------------------------------------


    Overbreeding in poverty, 10 mouths they cannot feed. Stop romping in the dirt, having babies, and living in filth.

    The USA and it's taxpayers are not the solution to this disgusting mentality of rape, rubble, war, and poverty THEY bring upon themselves.

    Global population control, get on birth control.

    QUALITY of life, not quantity.

    And do not dump them on our backs using up our resources, our land, and our water.

    No more immigration.

    We have 40 MILLION who do not belong here and we demand that these people go home. Do not add millions more to this never ending invasion of our country.

    They have land, they have resources, they want a better life? They can stop breeding like crazy, get educated, and get a job to contribute to their own well being and their countries success.


    Last edited by Beezer; 02-24-2020 at 06:15 PM.
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  8. #18
    Senior Member Beezer's Avatar
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    PSYCH 424 blog





    Overpopulation and water consumption


    Water is one of the most important things in everyone’s life. If we think about it food, and everything us humans come in contact with has to do with water someway somehow.

    By 2050 our population is expected to reach 9.7 billion people and by 2100 it is expected to be at 11.2 billion people.

    If we do not regulate water resources properly, by the time our population reaches these numbers it will become a problem.

    Overpopulation will absolutely strain water resources and stretch them out thin. For example, this can cause an increase in water pollution.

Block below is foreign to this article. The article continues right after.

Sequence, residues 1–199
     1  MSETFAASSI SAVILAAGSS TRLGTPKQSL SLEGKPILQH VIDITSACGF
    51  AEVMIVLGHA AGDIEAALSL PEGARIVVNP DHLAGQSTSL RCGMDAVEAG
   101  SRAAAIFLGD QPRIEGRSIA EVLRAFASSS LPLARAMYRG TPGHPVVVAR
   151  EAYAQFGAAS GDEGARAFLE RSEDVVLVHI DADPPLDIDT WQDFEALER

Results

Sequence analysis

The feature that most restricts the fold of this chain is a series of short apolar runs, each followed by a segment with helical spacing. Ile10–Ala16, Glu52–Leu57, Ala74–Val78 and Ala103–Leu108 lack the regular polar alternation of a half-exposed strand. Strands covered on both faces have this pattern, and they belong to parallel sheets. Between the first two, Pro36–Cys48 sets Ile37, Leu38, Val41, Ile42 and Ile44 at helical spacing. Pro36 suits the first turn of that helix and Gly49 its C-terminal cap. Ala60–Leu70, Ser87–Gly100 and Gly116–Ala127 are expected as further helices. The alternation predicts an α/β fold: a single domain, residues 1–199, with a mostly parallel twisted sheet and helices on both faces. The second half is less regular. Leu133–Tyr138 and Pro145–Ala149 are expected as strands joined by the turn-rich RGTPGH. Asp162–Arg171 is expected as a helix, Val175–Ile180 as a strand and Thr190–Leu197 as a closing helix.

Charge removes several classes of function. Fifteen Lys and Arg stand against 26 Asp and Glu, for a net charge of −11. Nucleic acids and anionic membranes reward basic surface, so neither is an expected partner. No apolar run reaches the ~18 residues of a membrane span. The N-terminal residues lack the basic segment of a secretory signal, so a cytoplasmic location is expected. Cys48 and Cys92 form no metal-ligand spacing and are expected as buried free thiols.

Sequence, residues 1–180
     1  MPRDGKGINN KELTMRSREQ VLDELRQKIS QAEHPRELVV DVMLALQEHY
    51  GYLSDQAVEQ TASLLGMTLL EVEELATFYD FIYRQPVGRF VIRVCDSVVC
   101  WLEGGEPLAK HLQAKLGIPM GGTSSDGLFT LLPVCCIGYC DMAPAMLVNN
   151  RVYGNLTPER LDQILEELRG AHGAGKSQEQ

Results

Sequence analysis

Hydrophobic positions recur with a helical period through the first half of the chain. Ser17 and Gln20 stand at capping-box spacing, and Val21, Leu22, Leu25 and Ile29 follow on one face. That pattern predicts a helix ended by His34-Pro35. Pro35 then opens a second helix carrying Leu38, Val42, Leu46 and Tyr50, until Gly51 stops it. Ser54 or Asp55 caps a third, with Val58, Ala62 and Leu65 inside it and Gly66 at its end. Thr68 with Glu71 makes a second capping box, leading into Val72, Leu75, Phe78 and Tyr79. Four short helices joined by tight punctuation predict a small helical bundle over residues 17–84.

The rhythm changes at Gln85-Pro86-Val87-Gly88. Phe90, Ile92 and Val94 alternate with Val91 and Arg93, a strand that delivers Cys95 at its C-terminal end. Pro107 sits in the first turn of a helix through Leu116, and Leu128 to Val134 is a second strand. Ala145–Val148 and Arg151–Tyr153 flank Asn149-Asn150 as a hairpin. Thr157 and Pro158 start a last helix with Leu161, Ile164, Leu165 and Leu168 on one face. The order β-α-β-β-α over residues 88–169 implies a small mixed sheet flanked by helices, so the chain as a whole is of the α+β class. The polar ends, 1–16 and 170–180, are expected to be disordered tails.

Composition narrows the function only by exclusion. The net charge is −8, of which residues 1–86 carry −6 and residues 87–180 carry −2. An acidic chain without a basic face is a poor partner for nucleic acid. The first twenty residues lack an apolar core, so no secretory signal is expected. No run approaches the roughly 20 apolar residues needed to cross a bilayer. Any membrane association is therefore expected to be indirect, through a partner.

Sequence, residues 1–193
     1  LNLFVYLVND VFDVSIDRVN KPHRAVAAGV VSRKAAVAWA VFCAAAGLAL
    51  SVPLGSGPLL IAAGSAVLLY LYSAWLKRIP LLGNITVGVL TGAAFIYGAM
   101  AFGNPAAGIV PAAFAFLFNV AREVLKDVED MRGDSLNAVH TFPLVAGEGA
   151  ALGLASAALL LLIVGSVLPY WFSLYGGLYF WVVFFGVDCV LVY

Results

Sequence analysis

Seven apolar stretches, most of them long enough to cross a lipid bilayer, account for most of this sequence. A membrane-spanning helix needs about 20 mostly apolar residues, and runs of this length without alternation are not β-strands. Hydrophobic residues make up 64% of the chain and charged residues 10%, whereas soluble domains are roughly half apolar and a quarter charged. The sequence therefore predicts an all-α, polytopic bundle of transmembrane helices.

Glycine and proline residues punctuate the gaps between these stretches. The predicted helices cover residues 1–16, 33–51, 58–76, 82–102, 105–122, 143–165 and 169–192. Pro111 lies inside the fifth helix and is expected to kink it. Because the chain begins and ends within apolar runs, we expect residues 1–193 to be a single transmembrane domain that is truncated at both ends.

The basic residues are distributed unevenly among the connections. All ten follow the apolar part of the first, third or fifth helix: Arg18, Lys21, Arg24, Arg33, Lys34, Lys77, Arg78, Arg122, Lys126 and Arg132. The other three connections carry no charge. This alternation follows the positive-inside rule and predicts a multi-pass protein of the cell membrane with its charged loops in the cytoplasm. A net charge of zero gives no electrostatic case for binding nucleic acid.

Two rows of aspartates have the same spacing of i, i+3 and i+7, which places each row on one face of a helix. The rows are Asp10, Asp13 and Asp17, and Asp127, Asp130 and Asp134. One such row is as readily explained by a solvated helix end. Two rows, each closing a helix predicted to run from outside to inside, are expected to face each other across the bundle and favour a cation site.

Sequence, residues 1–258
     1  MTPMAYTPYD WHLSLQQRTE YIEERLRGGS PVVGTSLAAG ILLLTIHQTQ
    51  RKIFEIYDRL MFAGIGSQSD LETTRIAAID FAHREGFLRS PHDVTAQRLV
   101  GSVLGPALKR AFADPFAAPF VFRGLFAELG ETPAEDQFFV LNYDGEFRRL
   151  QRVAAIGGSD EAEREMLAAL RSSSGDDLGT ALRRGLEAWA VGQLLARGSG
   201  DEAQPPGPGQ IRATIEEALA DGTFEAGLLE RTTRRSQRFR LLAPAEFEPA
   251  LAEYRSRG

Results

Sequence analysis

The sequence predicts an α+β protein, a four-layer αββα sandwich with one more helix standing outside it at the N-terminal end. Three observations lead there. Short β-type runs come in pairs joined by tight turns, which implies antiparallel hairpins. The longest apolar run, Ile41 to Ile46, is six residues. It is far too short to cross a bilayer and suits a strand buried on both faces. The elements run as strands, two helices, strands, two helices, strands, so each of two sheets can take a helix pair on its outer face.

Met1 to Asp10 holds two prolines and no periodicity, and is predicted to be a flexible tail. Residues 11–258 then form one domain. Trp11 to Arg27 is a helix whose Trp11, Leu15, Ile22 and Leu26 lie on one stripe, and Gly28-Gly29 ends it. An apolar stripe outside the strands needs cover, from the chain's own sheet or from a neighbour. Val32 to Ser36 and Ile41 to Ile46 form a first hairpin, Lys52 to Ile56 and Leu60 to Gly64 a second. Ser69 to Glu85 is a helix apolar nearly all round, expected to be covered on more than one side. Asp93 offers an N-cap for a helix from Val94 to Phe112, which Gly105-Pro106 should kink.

About 56 percent of water is strictly for household purposes.

    On top of a future water shortage with the population growing, this will also bring both industrialization as well as urbanization which causes environmental problems and will affect the quality of our water supply directly.

    Right now, there about about 1.1 billion people globally who do not have access to safe drinking water. About 218 million Americans lives at least 10 miles from a polluted water source.


    Our population is growing very quickly.

    It is very important that all Americans take a look at their water consumption and think about it wisely. The average household of 4 people uses about 400 gallons of water each day. Majority of that water is used inside the house. Scary to think about that. I live in a household of 3 and I can only imagine how much water we use everyday between washing dishes, taking showers, washing clothes, washing our hands, and that is just to name a few examples in the way we use water in my home.


    I think however that water consumption is not addressed all the time so that we are made aware about how important water is and how we can fix this growing problem. In households water is easily wasted and very quickly at that. But, I do think that by every household changing a few items in their routine, the amount of water we consume will change drastically.


    How does the Increase in human population growth affect the consumption of water resources? (n.d.).


    Retrieved from http://environmental-issues.yoexpert...grow-1633.html


    Schneider, F. W., Gruman, J. A., & Coutts, L. M. (2017). Applied social psychology: Understanding and addressing social and practical problems. Los Angeles: SAGE.



    https://sites.psu.edu/aspsy/2019/02/...r-consumption/




    Last edited by Beezer; 02-24-2020 at 06:20 PM.
    TO BECOME AN AMERICAN YOU MUST CHANGE YOUR VALUES ...NOT YOUR LOCATION

    STAY HOME AND BUILD AMERICA ON YOUR SOIL

  9. #19
    Senior Member JohnDoe2's Avatar
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    Selling Great Lakes water proposed to lower lake levels



    By Gary Wilson
    February 18, 2020

    “My purpose was to spark a conversation,” said University of Chicago law professor Todd Henderson as he touched the third rail of Great Lakes issues—selling water to arid states outside the region.

    With record high lake levels “wreaking havoc” around the region, Henderson noticed the proposed solutions by elected officials and the Army Corps of Engineers were focused on expensive deterrents like hard barriers.